An Employer’s Guide to Payrolling Statutory Payments


As an employer there are various statutory payments that you must pay your employees when they become eligible for them. Thinking about if your employee is eligible and what they need to be paid can seem like a daunting subject! This guide contains everything you need to know about making statutory payments.


Statutory Sick Pay (SSP)

For the 2021-22 tax year, Statutory Sick Pay should be paid at £96.35 per week and can be paid by an employer for up to 28 weeks of illness. After the 28 weeks, it is then at the discretion of the employer whether they continue to pay sick pay. Some companies offer a ‘Company sick scheme’, which may mean that the employee will be paid more than the SSP entitlement. If offered, this should be explained in the employment contract.

Is my employee eligible for SSP?

Linked periods of sickness

If you are ill for more than 4 days on multiple occasions that are less that 8 weeks apart, the sickness may be classed as being ‘linked’. This means that you do not have the 3 days unpaid ‘waiting period’ for every spell of sickness. If this is continuous for more than 3 years, you will no longer receive SSP.

As an employer, you cannot claim Statutory Sick Pay back from HMRC unless the sickness is Covid-19 related.

There are different rules regarding sick pay due to Coronavirus. If you would like further information on this, please call us on 01785 254550.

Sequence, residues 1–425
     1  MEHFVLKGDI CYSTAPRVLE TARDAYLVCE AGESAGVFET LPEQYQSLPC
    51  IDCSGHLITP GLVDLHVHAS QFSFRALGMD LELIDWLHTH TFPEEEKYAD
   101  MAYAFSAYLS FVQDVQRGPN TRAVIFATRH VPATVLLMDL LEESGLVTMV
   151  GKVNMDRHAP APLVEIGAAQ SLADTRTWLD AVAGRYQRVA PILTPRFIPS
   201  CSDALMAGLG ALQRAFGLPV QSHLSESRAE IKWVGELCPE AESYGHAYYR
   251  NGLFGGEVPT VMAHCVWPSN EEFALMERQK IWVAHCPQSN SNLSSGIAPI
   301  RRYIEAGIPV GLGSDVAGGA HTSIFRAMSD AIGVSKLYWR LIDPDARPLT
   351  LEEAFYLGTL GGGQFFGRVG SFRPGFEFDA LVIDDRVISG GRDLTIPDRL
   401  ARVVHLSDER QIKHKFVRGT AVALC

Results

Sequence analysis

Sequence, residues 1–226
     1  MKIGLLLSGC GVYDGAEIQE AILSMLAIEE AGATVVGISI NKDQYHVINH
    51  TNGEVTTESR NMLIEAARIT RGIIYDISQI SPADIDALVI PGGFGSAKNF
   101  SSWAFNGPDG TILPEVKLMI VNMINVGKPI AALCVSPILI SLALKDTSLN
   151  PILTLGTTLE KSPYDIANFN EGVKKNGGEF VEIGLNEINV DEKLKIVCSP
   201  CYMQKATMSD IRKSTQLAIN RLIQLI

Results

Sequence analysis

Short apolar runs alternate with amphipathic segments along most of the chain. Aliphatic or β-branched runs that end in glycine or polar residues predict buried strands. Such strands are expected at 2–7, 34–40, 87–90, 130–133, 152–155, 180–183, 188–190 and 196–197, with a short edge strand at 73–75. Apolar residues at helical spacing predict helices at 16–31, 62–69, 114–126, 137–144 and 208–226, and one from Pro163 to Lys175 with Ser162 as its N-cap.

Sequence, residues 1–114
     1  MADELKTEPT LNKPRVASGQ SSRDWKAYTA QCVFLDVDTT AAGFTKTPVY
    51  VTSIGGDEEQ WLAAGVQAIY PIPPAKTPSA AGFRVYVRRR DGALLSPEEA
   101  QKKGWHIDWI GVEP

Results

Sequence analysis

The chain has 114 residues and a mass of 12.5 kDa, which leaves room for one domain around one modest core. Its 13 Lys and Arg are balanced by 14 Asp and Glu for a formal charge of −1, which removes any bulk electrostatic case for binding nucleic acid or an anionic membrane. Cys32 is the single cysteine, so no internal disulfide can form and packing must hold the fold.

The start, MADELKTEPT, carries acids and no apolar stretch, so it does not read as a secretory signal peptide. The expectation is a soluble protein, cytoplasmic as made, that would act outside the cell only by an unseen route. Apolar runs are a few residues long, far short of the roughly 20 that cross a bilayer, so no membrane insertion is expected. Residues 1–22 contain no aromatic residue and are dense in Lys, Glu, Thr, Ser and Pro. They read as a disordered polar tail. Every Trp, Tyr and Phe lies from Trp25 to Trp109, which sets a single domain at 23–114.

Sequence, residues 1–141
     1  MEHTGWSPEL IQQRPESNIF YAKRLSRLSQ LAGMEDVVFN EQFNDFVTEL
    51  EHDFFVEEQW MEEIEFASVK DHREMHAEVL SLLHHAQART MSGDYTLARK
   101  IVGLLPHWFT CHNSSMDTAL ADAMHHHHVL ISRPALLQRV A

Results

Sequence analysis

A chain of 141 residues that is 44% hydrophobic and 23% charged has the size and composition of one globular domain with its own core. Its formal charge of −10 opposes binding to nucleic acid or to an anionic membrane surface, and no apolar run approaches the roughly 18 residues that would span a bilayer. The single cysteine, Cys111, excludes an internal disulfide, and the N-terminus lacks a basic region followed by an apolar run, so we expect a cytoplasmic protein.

Statutory Maternity Pay (SMP)

Statutory Maternity Pay is paid to an employee for up to 39 weeks.

What should I pay my employee?

SMP starts when an employee begins their maternity leave, it also automatically begins if the employee is unable to work due to a pregnancy related illness within the 4 weeks before the baby is due.

Is my employee eligible for SMP?

Can I claim back SMP from HRMC?

Employers can claim the SMP payments back from HMRC by reducing their monthly PAYE payments by the SMP amount.


Statutory Paternity Pay (SPP)

For the 2021-22 tax year, SPP is paid at the lower of £151.97 per week or 90% of the employee’s average gross weekly earnings.

Employees have a choice of taking SPP for 1 or 2 consecutive weeks leave and the start date must be either the day the baby is born or an agreed number of days following the birth.

Is my employee eligible for SPP?



Shared Parental Pay (ShPP)

Shared Parental Leave/Pay allows parents to split leave and pay following the birth of a baby.

Is my employee eligible for ShPP?

What should I pay my employee?

ShPP is paid at the lower of £151.97 per week or 90% of your average weekly earnings.


Statutory Adoption Pay

Statutory Adoption Leave is made up of 52 weeks split into 26 weeks Ordinary Adoption Leave and 26 weeks Additional Adoption Leave. Only one person in the couple can take adoption leave, however if this is the mother, then the father may also be entitled to Paternity Leave.

Adoption leave can start up to 14 days before the child starts living with you.

Is my employee eligible for SAP?


What should I pay my employee?


All the above payments must be recorded, processed and submitted to HMRC through a payroll scheme.

If you require any further information regarding any of the above statutory payments, please feel free to give us a call on 01785 254550.